Additional highlights:

  • Men accounted for 91 percent of the work-related fatalities in West Virginia, comparable to the 93-percent national share. (See table 4.) The most frequent fatal event for men was transportation incidents (13) followed by exposure to harmful substances or environments (11).
  • White, non-Hispanic workers accounted for 94 percent of those who died from a workplace injury. Nationwide, this group accounted for 67 percent of work-related deaths.
  • Workers 25-54 years old accounted for 79 percent of the state’s work-related fatalities in 2016, higher than the 57 percent of on-the-job fatalities nationally.
  • Of the 47 fatally-injured workers in West Virginia, 87 percent worked for wages and salaries; the remainder were self-employed. Transportation incidents and exposure to harmful substances or environments each accounted for 27 percent of the fatalities to wage and salary workers. Transportation incidents made up half of the six self-employed worker deaths.

Technical Note

Background of the program. The Census of Fatal Occupational Injuries (CFOI), part of the BLS Occupational Safety and Health Statistics (OSHS) program, compiles a count of all fatal work injuries occurring in the U.S. during the calendar year. The CFOI program uses diverse state, federal, and independent data sources to identify, verify, and describe fatal work injuries. This ensures counts are as complete and accurate as possible. Nationwide, for the 2016 data, over 23,300 unique source documents were reviewed as part of the data collection process. For technical information and definitions for CFOI, please go to the BLS Handbook of Methods on the BLS website at www.bls.gov/opub/hom/cfoi/home.htm.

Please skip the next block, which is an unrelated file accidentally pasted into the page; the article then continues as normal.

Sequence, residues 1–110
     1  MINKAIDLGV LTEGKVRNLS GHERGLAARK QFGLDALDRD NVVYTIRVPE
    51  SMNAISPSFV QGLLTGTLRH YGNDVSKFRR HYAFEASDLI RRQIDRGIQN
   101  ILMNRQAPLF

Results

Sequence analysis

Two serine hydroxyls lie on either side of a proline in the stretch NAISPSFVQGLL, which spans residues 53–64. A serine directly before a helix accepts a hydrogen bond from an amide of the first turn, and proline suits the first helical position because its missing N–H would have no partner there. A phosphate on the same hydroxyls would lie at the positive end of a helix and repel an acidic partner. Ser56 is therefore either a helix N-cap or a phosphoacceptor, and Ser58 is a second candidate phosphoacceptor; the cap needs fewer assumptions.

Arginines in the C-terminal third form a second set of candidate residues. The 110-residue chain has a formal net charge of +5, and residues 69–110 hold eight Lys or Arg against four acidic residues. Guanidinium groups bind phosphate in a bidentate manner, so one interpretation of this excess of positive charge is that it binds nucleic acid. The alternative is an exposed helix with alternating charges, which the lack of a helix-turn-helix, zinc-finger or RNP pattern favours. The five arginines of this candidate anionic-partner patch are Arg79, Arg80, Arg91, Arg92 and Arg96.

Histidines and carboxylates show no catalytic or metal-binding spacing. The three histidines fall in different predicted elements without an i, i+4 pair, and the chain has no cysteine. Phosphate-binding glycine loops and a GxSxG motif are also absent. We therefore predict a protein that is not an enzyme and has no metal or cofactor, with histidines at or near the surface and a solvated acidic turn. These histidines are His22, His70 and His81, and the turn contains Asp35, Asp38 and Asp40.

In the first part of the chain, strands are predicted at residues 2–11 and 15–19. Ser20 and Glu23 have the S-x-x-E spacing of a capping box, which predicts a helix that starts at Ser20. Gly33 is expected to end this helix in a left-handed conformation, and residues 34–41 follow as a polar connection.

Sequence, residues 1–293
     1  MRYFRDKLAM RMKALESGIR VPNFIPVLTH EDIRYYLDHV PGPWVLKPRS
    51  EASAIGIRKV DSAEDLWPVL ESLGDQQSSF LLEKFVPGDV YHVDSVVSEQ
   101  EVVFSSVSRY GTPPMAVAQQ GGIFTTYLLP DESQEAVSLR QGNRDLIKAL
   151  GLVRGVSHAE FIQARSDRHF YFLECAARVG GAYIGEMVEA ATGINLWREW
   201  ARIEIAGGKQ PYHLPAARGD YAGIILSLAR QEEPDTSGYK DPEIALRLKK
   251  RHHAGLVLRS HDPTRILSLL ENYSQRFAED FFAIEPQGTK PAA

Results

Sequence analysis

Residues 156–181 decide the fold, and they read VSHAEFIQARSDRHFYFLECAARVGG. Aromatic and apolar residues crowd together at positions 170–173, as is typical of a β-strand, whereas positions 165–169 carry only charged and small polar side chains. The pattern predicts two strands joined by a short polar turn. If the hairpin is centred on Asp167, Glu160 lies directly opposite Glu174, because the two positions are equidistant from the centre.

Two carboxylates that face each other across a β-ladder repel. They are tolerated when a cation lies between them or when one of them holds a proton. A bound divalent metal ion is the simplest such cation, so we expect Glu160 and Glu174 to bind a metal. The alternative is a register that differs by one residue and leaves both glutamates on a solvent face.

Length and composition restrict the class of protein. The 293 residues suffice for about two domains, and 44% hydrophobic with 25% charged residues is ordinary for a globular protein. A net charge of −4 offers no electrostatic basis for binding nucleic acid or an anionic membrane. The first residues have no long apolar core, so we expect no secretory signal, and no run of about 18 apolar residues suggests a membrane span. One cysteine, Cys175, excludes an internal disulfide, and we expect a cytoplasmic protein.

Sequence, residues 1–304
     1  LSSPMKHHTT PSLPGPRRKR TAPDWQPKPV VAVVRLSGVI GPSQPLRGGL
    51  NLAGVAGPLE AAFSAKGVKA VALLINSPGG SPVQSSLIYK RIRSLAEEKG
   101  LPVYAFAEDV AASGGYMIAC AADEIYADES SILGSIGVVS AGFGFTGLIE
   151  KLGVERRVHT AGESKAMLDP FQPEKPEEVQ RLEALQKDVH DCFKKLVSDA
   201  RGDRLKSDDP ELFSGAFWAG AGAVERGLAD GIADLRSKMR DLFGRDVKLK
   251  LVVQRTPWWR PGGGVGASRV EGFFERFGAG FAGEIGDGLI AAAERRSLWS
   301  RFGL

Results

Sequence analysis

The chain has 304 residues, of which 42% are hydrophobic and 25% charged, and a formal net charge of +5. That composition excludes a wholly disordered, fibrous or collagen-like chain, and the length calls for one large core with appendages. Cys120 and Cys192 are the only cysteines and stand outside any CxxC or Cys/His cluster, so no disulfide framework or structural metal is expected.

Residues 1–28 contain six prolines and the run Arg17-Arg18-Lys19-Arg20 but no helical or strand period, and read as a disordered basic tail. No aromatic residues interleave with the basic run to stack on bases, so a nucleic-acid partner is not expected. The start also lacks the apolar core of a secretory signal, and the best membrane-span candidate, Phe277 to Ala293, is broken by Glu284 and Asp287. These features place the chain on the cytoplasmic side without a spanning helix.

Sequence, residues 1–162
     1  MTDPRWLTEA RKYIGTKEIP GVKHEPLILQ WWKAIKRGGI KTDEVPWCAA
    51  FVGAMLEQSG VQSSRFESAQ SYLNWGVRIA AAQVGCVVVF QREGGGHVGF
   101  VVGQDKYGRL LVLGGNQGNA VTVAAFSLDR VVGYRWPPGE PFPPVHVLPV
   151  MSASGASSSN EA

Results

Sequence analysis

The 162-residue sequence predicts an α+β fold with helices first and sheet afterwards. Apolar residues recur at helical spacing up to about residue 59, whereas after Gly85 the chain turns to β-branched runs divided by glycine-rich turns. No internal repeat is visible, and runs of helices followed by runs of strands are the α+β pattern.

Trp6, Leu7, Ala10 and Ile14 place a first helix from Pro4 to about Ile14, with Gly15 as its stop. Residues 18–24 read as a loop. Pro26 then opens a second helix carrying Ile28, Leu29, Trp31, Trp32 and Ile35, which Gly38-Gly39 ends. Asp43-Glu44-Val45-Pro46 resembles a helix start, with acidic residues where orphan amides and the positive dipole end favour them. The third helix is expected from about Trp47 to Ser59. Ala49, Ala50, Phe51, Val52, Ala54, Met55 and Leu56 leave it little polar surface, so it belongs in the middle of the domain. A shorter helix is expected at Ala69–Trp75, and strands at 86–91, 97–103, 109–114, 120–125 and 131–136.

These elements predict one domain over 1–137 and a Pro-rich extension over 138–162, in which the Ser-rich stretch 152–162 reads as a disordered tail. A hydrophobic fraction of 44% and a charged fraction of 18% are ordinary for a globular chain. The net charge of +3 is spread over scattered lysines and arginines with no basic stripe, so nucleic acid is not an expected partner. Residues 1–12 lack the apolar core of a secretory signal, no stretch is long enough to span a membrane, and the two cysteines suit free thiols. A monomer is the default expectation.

Federal/State agency coverage. The CFOI includes data for all fatal work injuries, even those that may be outside the scope of other agencies or regulatory coverage. Thus, any comparison between the BLS fatality census counts and those released by other agencies should take into account the different coverage requirements and definitions being used by each agency. More on the scope of CFOI can be found at www.bls.gov/iif/cfoiscope.htm.

Acknowledgments. BLS appreciates the efforts of all federal, state, local, and private sector entities that provided source documents used to identify fatal work injuries. Among these agencies are the Occupational Safety and Health Administration; the National Transportation Safety Board; the U.S. Coast Guard; the Mine Safety and Health Administration; the Office of Workers’ Compensation Programs (Federal Employees' Compensation and Longshore and Harbor Workers' Compensation divisions); the Federal Railroad Administration; the National Highway Traffic Safety Administration; state vital statistics registrars, coroners, and medical examiners; state departments of health, labor, and industrial relations and workers' compensation agencies; state and local police departments; and state farm bureaus.

Information in this release is available to sensory-impaired individuals. Voice phone: (202) 691-5200; Federal Relay Service: (800) 877-8339.

Table 1. Fatal occupational injuries by event or exposure, West Virginia, 2015-16
Event or exposure(1) 2015 2016
Number Number Percent

Total

35 47 100

Violence and other injuries by persons or animals

- 4 9

Intentional injury by person

- 4 9

Homicides

- 2 4

Shooting by other person—intentional

- 2 4

Transportation incidents

17 14 30

Aircraft incidents

- 1 2

Aircraft crash during takeoff or landing

- 1 2

Aircraft crash during takeoff or landing—into structure, object, or ground